The UK-based hyperpop collective known as PC Music have been around for quite a while now, though the sound they initially perfected has only recently made its way into popular culture thanks to groups like 100 gecs. Back in 2014, a mysterious artist named QT released a song on PC Music titled “Hey QT” that was an immensely addictive little pop song. The actual artists behind the track were PC Music stalwarts A.G. Cook and SOPHIE, but the face and branding of QT in photos and press materials was Hayden Dunham. Even though Dunham didn’t have anything to do with the sound of QT, that didn’t stop them from creating music on their own. Several years later, Dunham now goes by Hyd, and released their self-titled debut EP last fall. If you’re a fan of artists like Caroline Polachek and Charli XCX, Hyd’s sound falls somewhere in between the two. It’s catchy, interesting, and slightly off-kilter electro-pop that’s pretty good but also doesn’t quite reach the heights of others in the genre. In other words, Hyd has room to grow. Here’s hoping their Pitchfork set will showcase some new material that hits the proverbial sweet spot.

4:00 – 4:45 yeule
4:15 – 5:10 Dry Cleaning
Somewhere in the vast ocean between modern technology-centric weird pop musicians like Grimes, Holly Herndon, and Bjork lies yeule (aka Nat Ćmiel). They’re doing such strange and fascinating things with traditional pop music structures it almost defies easy description. That’s a positive thing, especially since so many artists remain locked into simplistic song structures and melodies. yeule is an innovator, and serves to challenge preconceptions. Press materials often refer to yeule as some sort of cyborg, as if they were programmed to make music by some outside force or creator. Yes, it also sounds like some industry BS just to get people talking. You may be able to dance to yeule’s music in spots, but even if you’re not moving hopefully your eyes will remain glued to the stage for what should be a fascinating performance by a fresh voice in the ever-expanding world of pop.

Last year, UK band Dry Cleaning arrived with their brilliant debut album New Long Leg. On it, they pair post-punk sounds with the dry and rather droll vocals of Florence Shaw. Shaw is an absolutely magnetic presence, often delivering wry, observational lyrics in a spoken word (and occasional sing-speak) tone with the affectation of someone bored out of their skull. It works in direct contrast with the spiky guitar riffs and almost mechanical drumming, to the point where even the most casual listener catching a piece of a song while walking past might stop for just a minute to try and figure out what’s going on. Dry Cleaning are hilarious and weird and offer a surprising amount of restraint on stage. Those not immune to their charms should be riveted by their Pitchfork set.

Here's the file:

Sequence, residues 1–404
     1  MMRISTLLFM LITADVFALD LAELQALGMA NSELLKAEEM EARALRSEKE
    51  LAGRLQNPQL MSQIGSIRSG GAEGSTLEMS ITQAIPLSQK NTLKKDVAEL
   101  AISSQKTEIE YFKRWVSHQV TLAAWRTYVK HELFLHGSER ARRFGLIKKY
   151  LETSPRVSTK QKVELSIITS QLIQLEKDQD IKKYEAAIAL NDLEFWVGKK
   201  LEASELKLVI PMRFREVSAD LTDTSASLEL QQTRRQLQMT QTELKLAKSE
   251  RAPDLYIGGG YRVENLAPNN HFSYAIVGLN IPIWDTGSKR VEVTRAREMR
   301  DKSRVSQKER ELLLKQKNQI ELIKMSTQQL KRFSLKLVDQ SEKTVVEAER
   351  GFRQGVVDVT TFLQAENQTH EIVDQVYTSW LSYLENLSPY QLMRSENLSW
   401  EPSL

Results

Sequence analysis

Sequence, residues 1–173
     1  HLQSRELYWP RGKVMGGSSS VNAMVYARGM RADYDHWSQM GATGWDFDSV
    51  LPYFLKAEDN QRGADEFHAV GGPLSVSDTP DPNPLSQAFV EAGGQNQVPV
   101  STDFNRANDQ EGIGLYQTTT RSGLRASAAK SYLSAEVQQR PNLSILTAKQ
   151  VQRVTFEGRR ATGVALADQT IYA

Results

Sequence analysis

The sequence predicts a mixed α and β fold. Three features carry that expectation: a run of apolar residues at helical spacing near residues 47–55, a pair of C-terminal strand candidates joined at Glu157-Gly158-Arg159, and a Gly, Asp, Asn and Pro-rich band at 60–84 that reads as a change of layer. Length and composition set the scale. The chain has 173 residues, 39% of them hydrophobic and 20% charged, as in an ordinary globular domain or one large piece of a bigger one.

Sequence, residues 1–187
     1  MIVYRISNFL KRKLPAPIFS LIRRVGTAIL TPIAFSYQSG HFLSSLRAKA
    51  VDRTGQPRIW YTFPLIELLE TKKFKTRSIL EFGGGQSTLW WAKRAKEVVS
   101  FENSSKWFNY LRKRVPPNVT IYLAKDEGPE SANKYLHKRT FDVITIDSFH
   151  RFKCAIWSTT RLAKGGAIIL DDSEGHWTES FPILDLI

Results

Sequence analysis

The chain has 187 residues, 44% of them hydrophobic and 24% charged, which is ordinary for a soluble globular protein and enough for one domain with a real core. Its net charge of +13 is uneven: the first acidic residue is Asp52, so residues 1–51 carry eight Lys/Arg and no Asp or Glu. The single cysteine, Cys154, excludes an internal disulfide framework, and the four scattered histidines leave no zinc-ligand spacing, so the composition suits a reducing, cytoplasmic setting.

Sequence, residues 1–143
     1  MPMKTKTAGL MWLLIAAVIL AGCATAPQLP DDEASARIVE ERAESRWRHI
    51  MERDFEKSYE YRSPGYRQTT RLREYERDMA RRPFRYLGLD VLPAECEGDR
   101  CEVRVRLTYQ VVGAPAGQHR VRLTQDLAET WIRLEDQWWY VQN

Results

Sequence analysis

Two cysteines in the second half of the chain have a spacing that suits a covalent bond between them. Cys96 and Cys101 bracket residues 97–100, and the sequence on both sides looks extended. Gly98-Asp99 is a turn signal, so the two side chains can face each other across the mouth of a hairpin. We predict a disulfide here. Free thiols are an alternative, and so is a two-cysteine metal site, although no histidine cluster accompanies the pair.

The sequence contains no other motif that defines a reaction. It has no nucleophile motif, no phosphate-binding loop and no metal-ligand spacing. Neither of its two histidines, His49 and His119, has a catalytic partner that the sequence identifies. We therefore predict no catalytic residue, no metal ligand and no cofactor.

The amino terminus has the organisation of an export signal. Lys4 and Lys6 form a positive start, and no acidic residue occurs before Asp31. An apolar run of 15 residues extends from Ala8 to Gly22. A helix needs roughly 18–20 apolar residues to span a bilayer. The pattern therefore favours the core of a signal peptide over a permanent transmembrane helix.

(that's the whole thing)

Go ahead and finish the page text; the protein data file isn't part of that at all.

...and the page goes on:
5:15 – 6:10 Magdalena Bay
5:15 – 6:00 Iceage
Magdalena Bay’s Mercurial World was one of the best albums of 2021. The duo’s sound is synth-pop with a dash of vaporwave, falling somewhere in line with Chvrches, Grimes, and MGMT on the stylistic spectrum. But more than anything else, Magdalena Bay know their way around a hook. Nearly every song has an instantly memorable chorus that gets trapped in your head, at least until the next one hits. You can often recall one of their songs instantly just by seeing the title somewhere. The band is also very fun! Their aesthetic focuses mostly on the dawn of the internet era, where 8-bit video games and Geocities websites were very basic yet cluttered with clunky graphics. On stage they wear bodysuits and interact with a floating AI head with a voice that somewhat sounds like Siri. All of that is to say if you like catchy synthpop songs and maybe a bit of dancing, do not miss Magdalena Bay, who feel very much destined for bigger and better things.

Iceage have evolved so much over the last decade. Starting out as bitter nihilists leaning into the destruction of the world around them, they’ve slowly and methodically stepped away from that jaded outlook and toward something softer, kinder, and more optimistic. It’s kind of weird to listen to their first record New Brigade and contrast it with their fifth (and latest) Seek Shelter because they basically sound like two different bands. Now there are horns and a gospel choir and Britpop influences coming into their sound instead of simple, barebones guitar-and-drums punk rock. Some of their lyrics even offer words of comfort to the downtrodden, even though songs like “Vendetta” sound like the equivalent of a knife fight on a dancefloor in the late ’80s. As a live band Iceage may no longer fling themselves into the crowd with great abandon, however frontman Elias Rønnenfelt still sings like a preacher spitting fire onto a crowd of unbelievers. Good stuff!

6:15 – 7:15 Lucy Dacus
6:30 – 7:15 Karate